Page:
The Association of Religious Affiliation with Overweight/Obesity Among South Asians: The Mediators of Atherosclerosis in South Asians Living in America (MASALA) Study

Nazleen H. Bharmal, William J. McCarthy, Meghana D. Gadgil, Namratha R Kandula, Alka M. Kanaya

Research output: Contribution to journalArticle

1 Citation (Scopus)

Abstract

Religiosity has been associated with greater body weight. Less is known about South Asian religions and associations with weight. Cross-sectional analysis of the MASALA study (n = 906). We examined associations between religious affiliation and overweight/obesity after controlling for age, sex, years lived in the USA, marital status, education, insurance status, health status, and smoking. We determined whether traditional cultural beliefs, physical activity, and dietary pattern mediated this association. The mean BMI was 26 kg/m2. Religious affiliation was associated with overweight/obesity for Hindus (OR 2.12; 95 % CI: 1.16, 3.89), Sikhs (OR 4.23; 95 % CI: 1.72, 10.38), and Muslims (OR 2.79; 95 % CI: 1.14, 6.80) compared with no religious affiliation. Traditional cultural beliefs (7 %), dietary pattern (1 %), and physical activity (1 %) mediated 9 % of the relationship. Interventions designed to promote healthy lifestyle changes to reduce the burden of overweight/obesity among South Asians need to be culturally and religiously tailored.

Original languageEnglish (US)
Pages (from-to)33-46
Number of pages14
JournalJournal of Religion and Health
Volume57
Issue number1
DOIs
StatePublished - Feb 1 2018

Fingerprint

Atherosclerosis
Obesity
Exercise
Islam
Insurance Coverage
Marital Status
Religion
Health Status
Cross-Sectional Studies
Smoking
Body Weight
Education
Weights and Measures
Mediator
Religious Affiliation
Asia
Physical Activity
Healthy Lifestyle
Insurance
Religiosity

Keywords

  • Obesity
  • Overweight
  • Religious affiliation
  • South Asian

ASJC Scopus subject areas

  • Nursing(all)
  • Religious studies

Cite this

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title = "The Association of Religious Affiliation with Overweight/Obesity Among South Asians: The Mediators of Atherosclerosis in South Asians Living in America (MASALA) Study",
abstract = "Religiosity has been associated with greater body weight. Less is known about South Asian religions and associations with weight. Cross-sectional analysis of the MASALA study (n = 906). We examined associations between religious affiliation and overweight/obesity after controlling for age, sex, years lived in the USA, marital status, education, insurance status, health status, and smoking. We determined whether traditional cultural beliefs, physical activity, and dietary pattern mediated this association. The mean BMI was 26 kg/m2. Religious affiliation was associated with overweight/obesity for Hindus (OR 2.12; 95 {\%} CI: 1.16, 3.89), Sikhs (OR 4.23; 95 {\%} CI: 1.72, 10.38), and Muslims (OR 2.79; 95 {\%} CI: 1.14, 6.80) compared with no religious affiliation. Traditional cultural beliefs (7 {\%}), dietary pattern (1 {\%}), and physical activity (1 {\%}) mediated 9 {\%} of the relationship. Interventions designed to promote healthy lifestyle changes to reduce the burden of overweight/obesity among South Asians need to be culturally and religiously tailored.",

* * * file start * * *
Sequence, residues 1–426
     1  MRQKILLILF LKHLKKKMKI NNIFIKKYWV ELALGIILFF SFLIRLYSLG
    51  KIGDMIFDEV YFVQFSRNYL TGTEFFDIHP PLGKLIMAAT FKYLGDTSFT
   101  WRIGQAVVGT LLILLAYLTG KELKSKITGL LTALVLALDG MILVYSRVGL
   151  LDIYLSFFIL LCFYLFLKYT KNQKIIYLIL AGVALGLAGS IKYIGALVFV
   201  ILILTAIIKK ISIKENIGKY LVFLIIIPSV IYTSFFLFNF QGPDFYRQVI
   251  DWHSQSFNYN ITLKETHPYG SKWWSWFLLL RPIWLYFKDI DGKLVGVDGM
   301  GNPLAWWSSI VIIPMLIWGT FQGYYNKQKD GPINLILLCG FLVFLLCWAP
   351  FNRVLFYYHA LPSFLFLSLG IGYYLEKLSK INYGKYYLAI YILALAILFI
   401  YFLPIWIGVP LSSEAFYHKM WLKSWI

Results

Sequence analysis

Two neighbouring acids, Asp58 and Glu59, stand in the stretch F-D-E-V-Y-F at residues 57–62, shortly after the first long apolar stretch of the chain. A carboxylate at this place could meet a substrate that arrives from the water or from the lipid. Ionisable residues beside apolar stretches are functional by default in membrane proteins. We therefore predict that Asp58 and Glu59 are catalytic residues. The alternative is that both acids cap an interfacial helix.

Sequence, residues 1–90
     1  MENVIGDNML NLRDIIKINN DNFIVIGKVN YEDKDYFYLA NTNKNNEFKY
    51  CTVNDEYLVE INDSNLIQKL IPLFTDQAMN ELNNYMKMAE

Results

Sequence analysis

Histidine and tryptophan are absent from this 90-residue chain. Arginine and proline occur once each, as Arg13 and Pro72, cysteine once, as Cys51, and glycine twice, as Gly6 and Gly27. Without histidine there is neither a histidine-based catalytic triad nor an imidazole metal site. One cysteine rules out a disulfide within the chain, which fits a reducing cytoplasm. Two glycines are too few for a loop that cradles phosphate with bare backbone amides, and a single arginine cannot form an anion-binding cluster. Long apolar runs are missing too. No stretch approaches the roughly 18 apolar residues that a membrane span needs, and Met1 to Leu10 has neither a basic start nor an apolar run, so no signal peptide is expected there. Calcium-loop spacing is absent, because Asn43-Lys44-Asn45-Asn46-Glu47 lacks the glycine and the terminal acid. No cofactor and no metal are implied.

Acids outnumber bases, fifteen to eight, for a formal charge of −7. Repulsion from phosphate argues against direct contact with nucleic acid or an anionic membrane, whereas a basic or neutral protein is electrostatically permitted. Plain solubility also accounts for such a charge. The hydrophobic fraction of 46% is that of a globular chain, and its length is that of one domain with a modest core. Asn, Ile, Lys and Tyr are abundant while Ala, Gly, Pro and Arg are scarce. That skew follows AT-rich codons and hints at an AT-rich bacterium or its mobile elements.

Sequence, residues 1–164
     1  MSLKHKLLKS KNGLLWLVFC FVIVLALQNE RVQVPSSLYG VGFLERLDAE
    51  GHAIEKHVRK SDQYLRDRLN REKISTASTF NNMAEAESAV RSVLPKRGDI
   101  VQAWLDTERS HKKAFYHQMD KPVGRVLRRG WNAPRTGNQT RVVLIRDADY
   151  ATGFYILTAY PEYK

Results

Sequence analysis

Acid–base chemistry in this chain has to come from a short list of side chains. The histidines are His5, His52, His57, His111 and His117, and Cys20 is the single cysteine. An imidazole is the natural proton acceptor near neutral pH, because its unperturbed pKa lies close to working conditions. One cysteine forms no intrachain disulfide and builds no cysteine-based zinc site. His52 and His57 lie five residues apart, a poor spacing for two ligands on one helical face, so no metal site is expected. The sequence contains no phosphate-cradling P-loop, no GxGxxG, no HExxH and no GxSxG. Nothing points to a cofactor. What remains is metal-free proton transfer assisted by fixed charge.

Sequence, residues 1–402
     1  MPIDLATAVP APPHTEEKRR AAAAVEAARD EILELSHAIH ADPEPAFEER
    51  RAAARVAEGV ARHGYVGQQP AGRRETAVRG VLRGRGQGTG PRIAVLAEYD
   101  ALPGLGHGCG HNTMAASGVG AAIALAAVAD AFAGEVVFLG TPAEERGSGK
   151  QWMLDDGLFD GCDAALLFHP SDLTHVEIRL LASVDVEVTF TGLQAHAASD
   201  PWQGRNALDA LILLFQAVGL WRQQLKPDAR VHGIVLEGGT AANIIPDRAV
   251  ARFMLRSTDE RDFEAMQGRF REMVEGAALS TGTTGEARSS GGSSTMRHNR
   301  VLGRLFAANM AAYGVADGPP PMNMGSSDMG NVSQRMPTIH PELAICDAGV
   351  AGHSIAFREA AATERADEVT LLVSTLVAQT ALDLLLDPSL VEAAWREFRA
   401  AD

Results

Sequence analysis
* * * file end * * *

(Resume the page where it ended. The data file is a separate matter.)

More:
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The Association of Religious Affiliation with Overweight/Obesity Among South Asians : The Mediators of Atherosclerosis in South Asians Living in America (MASALA) Study. / Bharmal, Nazleen H.; McCarthy, William J.; Gadgil, Meghana D.; Kandula, Namratha R; Kanaya, Alka M.

In: Journal of Religion and Health, Vol. 57, No. 1, 01.02.2018, p. 33-46.

Research output: Contribution to journalArticle

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T2 - The Mediators of Atherosclerosis in South Asians Living in America (MASALA) Study

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N2 - Religiosity has been associated with greater body weight. Less is known about South Asian religions and associations with weight. Cross-sectional analysis of the MASALA study (n = 906). We examined associations between religious affiliation and overweight/obesity after controlling for age, sex, years lived in the USA, marital status, education, insurance status, health status, and smoking. We determined whether traditional cultural beliefs, physical activity, and dietary pattern mediated this association. The mean BMI was 26 kg/m2. Religious affiliation was associated with overweight/obesity for Hindus (OR 2.12; 95 % CI: 1.16, 3.89), Sikhs (OR 4.23; 95 % CI: 1.72, 10.38), and Muslims (OR 2.79; 95 % CI: 1.14, 6.80) compared with no religious affiliation. Traditional cultural beliefs (7 %), dietary pattern (1 %), and physical activity (1 %) mediated 9 % of the relationship. Interventions designed to promote healthy lifestyle changes to reduce the burden of overweight/obesity among South Asians need to be culturally and religiously tailored.

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